One of us would have died, that day. If I’d gone off that final cliff, one of us would have died. Probably me, I’m so much smaller . . . but, he’d been drinking, some –


I’ll never, ever forget that feeling. That horrible rush; knowing, I could have killed him, or been killed myself, gladly; if I’d just gone that one, extra inch . . .


And that’s what I have the nightmares about. Not so much the pain, the anger, the vivid memories of getting kicked out . . . no. No. It was that obscene rush; how close I’d come to murder. Or attempted murder. Or my own death.


And yesterday, it almost happened again.


“But you didn’t . . . ?”


Another glance at Noah; his face, stricken, again.


Fuck me, I thought. I shouldn’t be doing this. I shouldn’t be putting him through this.


“No.” I still had his hand; I squeezed it, gently, not letting go. “No, I’m sorry . . . no.” Another look out at the Bay, and the clouds, and the little, shabby houses on the street. I felt the corner of my mouth, quirking up. “I ended up using words, instead . . . somewhere inside me, I figured out, finally, that I could hurt him worse with words, than I could with my hands . . . I mean, no shit, he’s huge. So, he kept on hitting me, and I kept on mouthing off to him; and that just made him madder and madder, and he’d hit me, again . . . ”


The sounds of yelling, again; the ceiling lights, the yellow trim of the hallway. The fists landing on me, on my face, my raised-up arms, my body; the taste of blood in my mouth –


The sound of my voice; jeering, taunting. Gleeful; I was telling the truth to him, and I’d never, ever gotten to him like that, before, I’d never HURT him like that, before, and it was all true, and that’s what made it all so delicious, it was all TRUE –


The sound of my laughter. The wild sound of my laughter.


I shook my head.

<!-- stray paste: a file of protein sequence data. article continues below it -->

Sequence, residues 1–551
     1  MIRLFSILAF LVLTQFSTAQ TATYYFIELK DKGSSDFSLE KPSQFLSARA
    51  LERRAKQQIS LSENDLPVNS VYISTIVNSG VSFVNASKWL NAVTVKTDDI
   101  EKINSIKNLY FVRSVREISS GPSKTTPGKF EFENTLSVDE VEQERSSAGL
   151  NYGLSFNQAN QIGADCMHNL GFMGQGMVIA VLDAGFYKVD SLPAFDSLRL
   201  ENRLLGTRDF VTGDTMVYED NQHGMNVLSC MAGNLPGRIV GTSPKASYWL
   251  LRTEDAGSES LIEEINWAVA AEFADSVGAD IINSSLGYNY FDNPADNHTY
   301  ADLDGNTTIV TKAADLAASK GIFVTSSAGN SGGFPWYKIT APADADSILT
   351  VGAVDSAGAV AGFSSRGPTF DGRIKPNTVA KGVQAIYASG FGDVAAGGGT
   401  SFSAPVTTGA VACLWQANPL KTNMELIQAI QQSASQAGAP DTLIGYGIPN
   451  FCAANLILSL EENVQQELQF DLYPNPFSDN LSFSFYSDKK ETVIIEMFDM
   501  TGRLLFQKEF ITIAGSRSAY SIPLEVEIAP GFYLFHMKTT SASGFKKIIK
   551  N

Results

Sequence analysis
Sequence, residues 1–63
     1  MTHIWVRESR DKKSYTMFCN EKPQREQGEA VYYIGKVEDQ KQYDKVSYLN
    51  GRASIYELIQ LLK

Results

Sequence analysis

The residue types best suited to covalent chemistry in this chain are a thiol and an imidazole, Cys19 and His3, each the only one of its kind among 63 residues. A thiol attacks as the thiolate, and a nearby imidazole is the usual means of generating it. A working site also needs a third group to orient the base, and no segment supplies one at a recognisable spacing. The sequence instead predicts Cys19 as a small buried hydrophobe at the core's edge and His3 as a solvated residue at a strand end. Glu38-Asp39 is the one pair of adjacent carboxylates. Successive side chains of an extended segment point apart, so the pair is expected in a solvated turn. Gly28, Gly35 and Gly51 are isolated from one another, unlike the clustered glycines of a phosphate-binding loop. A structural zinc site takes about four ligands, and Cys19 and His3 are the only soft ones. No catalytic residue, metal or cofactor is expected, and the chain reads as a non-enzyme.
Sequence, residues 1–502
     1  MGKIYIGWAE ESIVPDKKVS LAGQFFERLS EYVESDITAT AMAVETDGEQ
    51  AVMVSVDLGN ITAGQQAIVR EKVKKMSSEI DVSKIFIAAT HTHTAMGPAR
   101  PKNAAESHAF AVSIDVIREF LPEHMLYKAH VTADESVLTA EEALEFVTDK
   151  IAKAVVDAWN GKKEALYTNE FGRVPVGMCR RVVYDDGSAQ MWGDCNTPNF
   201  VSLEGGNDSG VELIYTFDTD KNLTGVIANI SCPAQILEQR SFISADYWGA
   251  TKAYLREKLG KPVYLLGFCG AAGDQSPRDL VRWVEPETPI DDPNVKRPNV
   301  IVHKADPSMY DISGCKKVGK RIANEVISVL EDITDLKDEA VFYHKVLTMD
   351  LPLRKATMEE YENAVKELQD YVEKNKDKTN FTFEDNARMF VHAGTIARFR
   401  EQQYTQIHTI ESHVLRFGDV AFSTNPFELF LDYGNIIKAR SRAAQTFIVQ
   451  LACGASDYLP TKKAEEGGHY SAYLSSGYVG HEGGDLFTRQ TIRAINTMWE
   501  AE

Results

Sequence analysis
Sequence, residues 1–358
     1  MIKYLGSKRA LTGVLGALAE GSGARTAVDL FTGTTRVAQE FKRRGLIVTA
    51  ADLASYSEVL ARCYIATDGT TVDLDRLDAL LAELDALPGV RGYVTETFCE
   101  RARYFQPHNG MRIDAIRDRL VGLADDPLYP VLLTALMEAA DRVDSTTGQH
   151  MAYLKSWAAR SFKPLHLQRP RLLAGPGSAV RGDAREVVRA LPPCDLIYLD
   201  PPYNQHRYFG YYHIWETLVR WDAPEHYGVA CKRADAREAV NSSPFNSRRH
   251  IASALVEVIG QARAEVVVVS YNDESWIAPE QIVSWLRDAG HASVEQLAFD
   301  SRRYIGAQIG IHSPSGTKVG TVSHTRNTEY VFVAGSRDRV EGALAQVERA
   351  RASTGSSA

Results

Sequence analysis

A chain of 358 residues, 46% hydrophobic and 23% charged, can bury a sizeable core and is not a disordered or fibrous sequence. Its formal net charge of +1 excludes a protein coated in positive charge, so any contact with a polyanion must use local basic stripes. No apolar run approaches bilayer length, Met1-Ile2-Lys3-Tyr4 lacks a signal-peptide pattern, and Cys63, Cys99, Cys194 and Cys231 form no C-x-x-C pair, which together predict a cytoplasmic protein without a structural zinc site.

A long pause, a long silence. Me, still holding Noah’s hand.


“But . . . you didn’t try to hurt him, then - ?” from Noah; at last. Pointedly. Circling back to yesterday; I could tell. “I mean, no one could have blamed you . . .”


Poor kid, I thought; my mind still half-back-then. Poor kid; see what you’ve got yourself into?


“I almost did.  And, I still lost it,” I went, gently; not-quite-looking at him. “I still lost control; just like last night. Only, in a different way . . . ”


Silence, from Noah. A loyal silence, maybe; or maybe, a silent disagreement, I didn’t know. It went on, for second, after second.


“So . . . yeah. My dad beat me up, and threw me out of the house; supposedly, for being gay. He said.” I moved a corner of my mouth. “And I went a little crazy, and I went to San Francisco . . . and then my mom came home, and found out what happened. And then she threw HIM out of the house . . . Well, my Uncle Dennis helped, a lot.” Another shrug, from me.


More silent astonishment from Noah; I could tell. The complete disintegration of a family . . .


“Cole was visiting his dad in Southern California,” I went on. “So Jeremy came and got me . . . he kind of rescued me.” I paused, then, for a long beat; and then another. Remembering. “And the thing I’ll never, ever get over . . . is that my mother kicked my dad out.” I shook my head, wonderingly. “My mother actually stood up to my dad. She actually made him leave . .. after all this time. After all he’d done to us . . . ”


And, fuck-me, I never, ever will forget it. My mother broke with my dad, she so totally severed everything between her and my dad . . . for me. For me.


Another glance over at Noah; his face just full of concern, and pain-for-me, and – more incomprehension, maybe. I could just see him, trying to wrap his mind around such a family . . .


Somehow, we were still holding hands. I tugged on his, gently, to stop.